The human invasive breast cancer cell line MDA-MB-231 (TNBC) and human noninvasive breast cancer cell lines MCF7 (Luminal A), ZR75-1 (Luminal B) and SKBR3 (HER2+) were obtained from American Type Culture Collection (Rockefeller, MD, USA). The cells were cultured in L15, MEM, RPMI-1640 or DMEM basic medium containing 10% FBS and 100 units/mL penicillin and 100 mg/mL streptomycin at 37° C in a 5% CO2 atmosphere.
Cells were seeded in 96-well plates at a density of 1×104 cells/well overnight. After treatment with various warangalone concentrations for 12, 24 and 48 h, the cells were incubated with 0.5 mg/mL MTT solution for 4 h. A microplate reader (ELX808, Biotek, UK) was used to detect the absorbance (optical density [OD]) at 490 nm after dissolving the formazan with DMSO. Cell viability was calculated using the following formula:
Cell viability (%) = [(A490sample - A490blank) / (A490control - A490blank)] × 100.
Cell morphology analysis
MDA-MB-231 and MCF7 cells were seeded in 6-well plates at 1×106 cells/mL and incubated overnight. The cells were then treated with 0, 10, 20 and 30 μM warangalone for 24 h. After the cells were washed with PBS twice, a fluorescence microscope (IX73, Olympus, Japan) was used to observe the cell morphology.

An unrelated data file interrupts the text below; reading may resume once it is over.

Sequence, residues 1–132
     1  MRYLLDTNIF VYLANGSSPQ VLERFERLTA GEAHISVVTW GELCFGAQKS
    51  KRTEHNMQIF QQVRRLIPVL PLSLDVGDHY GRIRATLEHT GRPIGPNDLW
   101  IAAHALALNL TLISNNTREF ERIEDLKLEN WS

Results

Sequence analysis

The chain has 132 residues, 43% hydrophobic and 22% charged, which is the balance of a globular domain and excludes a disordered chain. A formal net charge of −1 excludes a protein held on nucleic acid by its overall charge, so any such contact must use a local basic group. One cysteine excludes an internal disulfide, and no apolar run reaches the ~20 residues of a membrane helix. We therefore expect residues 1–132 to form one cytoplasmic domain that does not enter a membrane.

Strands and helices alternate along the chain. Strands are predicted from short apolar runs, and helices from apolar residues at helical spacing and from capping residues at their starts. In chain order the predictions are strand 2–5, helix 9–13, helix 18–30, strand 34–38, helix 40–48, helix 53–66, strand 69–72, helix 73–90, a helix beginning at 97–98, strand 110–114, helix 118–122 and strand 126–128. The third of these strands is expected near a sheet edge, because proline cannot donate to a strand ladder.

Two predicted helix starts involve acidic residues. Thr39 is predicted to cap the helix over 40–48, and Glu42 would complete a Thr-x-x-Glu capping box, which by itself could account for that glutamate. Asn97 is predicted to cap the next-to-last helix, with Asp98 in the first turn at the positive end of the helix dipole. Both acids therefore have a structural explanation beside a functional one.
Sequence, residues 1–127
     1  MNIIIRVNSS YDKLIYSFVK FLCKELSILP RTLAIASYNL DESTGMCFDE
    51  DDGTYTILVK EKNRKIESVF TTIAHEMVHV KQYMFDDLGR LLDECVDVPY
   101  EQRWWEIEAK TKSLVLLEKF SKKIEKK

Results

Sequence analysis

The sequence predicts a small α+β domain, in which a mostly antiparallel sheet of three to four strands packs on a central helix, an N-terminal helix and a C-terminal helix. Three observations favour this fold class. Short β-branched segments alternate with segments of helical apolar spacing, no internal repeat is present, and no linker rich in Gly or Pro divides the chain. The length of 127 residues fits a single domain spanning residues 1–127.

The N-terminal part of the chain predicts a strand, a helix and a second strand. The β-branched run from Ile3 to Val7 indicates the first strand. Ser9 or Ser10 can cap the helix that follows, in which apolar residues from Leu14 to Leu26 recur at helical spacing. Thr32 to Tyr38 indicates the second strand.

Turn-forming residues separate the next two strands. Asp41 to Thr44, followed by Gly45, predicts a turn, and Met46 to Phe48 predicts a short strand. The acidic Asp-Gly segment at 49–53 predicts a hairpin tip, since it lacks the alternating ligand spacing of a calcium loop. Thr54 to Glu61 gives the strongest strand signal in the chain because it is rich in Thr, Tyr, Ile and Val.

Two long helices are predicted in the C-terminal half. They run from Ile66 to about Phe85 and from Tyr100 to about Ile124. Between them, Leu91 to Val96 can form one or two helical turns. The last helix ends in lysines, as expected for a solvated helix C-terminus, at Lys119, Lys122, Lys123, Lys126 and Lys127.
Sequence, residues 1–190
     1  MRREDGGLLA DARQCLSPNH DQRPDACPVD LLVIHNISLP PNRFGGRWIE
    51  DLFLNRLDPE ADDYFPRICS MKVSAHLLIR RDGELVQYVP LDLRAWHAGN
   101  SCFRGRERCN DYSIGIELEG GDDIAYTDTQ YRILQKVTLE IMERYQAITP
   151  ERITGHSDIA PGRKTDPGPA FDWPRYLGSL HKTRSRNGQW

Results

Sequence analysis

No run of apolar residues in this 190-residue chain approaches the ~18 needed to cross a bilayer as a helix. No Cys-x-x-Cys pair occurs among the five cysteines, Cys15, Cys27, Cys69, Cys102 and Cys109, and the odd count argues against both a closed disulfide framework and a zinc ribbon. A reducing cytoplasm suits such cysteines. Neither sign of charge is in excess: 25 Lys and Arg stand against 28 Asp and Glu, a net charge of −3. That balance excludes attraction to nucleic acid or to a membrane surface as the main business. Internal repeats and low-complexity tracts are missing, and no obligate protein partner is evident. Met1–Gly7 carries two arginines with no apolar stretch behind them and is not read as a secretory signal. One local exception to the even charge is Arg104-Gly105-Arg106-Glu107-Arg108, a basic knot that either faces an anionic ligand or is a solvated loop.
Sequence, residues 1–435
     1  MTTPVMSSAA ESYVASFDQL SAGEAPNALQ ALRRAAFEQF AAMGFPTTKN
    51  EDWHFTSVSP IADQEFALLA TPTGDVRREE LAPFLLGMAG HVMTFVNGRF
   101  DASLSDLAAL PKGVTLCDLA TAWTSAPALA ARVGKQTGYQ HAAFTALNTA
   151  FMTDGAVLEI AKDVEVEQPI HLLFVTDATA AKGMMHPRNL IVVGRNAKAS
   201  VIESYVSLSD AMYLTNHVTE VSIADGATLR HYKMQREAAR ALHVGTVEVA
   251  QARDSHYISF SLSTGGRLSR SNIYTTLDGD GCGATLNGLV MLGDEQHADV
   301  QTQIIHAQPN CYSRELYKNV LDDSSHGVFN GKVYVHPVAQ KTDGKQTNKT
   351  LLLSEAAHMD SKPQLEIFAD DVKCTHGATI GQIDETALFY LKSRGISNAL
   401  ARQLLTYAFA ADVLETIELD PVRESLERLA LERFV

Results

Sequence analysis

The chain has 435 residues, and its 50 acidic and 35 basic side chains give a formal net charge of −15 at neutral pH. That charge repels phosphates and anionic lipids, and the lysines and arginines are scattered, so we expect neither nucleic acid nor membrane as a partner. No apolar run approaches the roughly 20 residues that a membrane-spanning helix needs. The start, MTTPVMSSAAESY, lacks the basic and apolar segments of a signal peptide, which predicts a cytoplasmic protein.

Hoechst 33342 staining assay
MDA-MB-231 and MCF7 cells were seeded in 6-well plates at 1×106 cells/mL and cultured overnight. After treatment with warangalone for 24 h, the cells were incubated with Hoechst 33342 solution (5 μg/mL) for 15 min. A fluorescence microscope (IX73) was used to observe the fluorescence level at an excitation wavelength of 346 nm, and an emission wavelength of 460 nm.
Annexin V-FITC/PI assay